"Meet me" is not telling something that did, will, or is happening, it is a command to make it happen. If it said, "You will meet me outside the Great Hall tonight," then choghom or tughom would be appropriate. But when telling someone to meet, you have to use the imperative prefixes.
(1) Was this explained anywhere? I don't remember seeing it in the notes, and I reread all of them (up to this lesson) immediately before asking (just skimmed this time, so maybe I missed it).
(2) Why do both Commander Kruge and Captain Kirk use "cho", not "HI", when commanding Maltz to beam them up?
(3) OK, I just poked around some more, and this (i.e. (1), not (2)) is explained in the notes of a future lesson. I think this should be fixed.
Huh! I've always thought (even long before I started this course and learned what "cho" means) "Cho...chu!". At least from Kruge - Kirk sounds like "Cho-ee... chu!", but I always chalked that up to him not knowing the language.
"cho" is pretty much the only prefix I have no problem remembering, because of this line, and now I find out I've been wrong about it the whole time! :P
I too have always believed that Kirk's line was more like chooooooo-nee-CHOO!. I chalk it up to Kirk having only heard the sentence once and not really knowing what it means. All he knows is that Kruge says it and the Klingon ship beams up a bunch of people.
I have always wondered if they actually wrote a mispronunciation into the script or if Shatner was simply allowed to hear the line and then try to reproduce it, intentionally keeping any mispronunciation he made — a sort of linguistic method-acting.
(3) There are a number of grammatical structures that we give sneak previews of by using them before they have been explained in the Tips & Notes. In some of the situations it has not worked as well as we thought it would. When we create a new, updated and expanded tree, we will have to revisit that decision.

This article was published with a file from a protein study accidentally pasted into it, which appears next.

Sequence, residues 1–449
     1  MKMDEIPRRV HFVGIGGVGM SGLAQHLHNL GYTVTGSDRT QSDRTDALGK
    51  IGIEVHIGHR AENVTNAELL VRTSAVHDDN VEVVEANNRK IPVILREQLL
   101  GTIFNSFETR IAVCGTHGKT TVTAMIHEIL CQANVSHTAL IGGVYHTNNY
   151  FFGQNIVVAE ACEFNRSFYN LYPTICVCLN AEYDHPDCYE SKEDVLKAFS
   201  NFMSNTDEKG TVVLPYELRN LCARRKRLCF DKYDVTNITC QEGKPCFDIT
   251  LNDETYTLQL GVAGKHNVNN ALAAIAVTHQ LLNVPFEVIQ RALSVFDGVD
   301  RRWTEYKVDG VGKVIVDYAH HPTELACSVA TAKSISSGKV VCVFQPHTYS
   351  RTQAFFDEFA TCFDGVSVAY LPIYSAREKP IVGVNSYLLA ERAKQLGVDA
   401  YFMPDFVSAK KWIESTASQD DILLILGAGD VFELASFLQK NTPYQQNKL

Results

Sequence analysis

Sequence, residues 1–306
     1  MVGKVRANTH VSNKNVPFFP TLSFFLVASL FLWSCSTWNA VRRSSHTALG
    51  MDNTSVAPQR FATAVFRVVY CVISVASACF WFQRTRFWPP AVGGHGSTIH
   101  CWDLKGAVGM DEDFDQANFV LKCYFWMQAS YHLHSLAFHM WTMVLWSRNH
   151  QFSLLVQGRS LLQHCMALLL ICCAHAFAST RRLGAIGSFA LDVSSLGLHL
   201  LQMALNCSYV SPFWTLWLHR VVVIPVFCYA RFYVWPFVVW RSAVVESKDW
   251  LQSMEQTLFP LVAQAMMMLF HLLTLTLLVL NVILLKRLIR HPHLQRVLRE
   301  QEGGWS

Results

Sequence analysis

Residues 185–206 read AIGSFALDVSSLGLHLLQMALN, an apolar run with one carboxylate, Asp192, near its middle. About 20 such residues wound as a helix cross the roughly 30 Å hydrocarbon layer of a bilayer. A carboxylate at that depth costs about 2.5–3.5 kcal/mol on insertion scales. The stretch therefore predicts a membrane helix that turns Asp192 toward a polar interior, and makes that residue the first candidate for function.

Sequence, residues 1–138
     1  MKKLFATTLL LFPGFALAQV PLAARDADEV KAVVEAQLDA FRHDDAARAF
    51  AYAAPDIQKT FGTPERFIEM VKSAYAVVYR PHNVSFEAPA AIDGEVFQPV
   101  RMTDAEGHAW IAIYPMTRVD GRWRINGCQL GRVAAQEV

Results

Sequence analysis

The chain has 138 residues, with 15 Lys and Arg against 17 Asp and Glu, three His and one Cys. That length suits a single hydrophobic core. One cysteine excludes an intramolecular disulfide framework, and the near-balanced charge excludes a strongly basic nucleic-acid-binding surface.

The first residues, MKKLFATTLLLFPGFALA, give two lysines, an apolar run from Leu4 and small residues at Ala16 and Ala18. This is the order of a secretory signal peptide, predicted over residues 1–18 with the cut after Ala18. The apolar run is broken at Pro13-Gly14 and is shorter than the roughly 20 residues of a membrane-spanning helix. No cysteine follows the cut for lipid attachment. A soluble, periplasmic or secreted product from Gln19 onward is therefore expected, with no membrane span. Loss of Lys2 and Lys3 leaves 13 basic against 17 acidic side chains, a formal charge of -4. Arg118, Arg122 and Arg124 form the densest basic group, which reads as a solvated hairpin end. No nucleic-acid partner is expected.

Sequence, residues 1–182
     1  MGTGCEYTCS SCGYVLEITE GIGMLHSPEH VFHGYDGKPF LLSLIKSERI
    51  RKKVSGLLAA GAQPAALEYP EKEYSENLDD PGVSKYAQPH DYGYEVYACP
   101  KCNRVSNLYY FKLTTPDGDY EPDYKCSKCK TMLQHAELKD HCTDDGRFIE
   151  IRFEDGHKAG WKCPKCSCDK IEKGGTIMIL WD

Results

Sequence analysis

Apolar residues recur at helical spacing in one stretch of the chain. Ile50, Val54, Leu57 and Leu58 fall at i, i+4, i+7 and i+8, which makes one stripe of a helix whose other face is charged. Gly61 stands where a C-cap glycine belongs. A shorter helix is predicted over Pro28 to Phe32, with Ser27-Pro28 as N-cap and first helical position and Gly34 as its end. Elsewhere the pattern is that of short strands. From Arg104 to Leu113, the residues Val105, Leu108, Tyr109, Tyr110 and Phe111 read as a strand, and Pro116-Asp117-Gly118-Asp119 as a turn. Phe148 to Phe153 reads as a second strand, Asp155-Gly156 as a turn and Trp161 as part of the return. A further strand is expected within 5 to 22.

No. There are a number of "locative nouns" that describe a location. They are often associated with certain prepositions in English.
Another interesting grammatical difference is found in the way prepositional concepts (above, below, and so on) are expressed in the speech typical of the Sakrej (Sa'Qej) region. In Klingon in general, such ideas are conveyed by using a special set of nouns ('em [area behind], bIng [area below], and others) that follow the nouns whose position they are indicating. Thus, behind the door is lojmIt 'em (literally, door area behind) and below the table is raS bIng (literally, table area below). [KGT]
In this case, the locative noun in question is Hur area outside, and the noun phrase we're dealing with is vaS'a' Hur, which is equivalent to the English prepositional phrase outside the Great Hall. -Daq does indeed have most of the meanings you cite (not outside, though), but vaS'a' HurDaq gets translated at the area outside the Great Hall or in the area outside the Great Hall or by the area outside the Great Hall or something similar. There's a prepositional phrase within a prepositional phrase, and the -Daq only corresponds to the outer phrase.